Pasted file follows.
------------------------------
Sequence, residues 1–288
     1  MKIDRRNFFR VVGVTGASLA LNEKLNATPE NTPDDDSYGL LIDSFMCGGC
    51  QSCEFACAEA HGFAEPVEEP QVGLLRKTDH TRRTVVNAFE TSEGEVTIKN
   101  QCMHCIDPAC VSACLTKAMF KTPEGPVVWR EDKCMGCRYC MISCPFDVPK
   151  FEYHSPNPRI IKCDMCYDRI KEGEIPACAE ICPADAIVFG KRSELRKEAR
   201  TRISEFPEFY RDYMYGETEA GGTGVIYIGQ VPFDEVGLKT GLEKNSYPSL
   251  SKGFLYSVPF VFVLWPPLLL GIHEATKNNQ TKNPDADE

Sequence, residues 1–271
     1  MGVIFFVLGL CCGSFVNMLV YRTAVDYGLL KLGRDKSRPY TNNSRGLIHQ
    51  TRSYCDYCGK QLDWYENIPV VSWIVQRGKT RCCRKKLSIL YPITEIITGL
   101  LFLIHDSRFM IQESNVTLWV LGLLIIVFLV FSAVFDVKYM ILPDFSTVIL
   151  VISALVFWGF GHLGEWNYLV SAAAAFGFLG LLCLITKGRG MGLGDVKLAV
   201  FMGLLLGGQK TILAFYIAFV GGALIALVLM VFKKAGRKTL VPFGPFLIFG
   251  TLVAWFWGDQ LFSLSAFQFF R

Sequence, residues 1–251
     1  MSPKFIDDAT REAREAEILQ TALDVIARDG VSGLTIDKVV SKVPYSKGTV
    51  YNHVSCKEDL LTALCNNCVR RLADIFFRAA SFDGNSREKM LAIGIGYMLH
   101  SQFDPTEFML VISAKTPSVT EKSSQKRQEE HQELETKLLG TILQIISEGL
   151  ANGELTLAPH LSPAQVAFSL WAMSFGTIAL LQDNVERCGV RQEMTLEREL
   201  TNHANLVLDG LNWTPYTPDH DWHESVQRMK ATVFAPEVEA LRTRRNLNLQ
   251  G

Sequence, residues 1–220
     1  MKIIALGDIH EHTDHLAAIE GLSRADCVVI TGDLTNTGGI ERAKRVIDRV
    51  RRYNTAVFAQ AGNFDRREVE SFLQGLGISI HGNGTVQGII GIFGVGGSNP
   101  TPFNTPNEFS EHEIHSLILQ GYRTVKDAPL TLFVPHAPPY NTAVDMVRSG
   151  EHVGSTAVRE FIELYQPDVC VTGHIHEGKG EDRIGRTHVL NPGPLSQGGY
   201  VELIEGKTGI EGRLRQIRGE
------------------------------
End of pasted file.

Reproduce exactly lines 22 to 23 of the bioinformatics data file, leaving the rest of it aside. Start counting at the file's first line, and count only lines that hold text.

Sequence, residues 1–220
     1  MKIIALGDIH EHTDHLAAIE GLSRADCVVI TGDLTNTGGI ERAKRVIDRV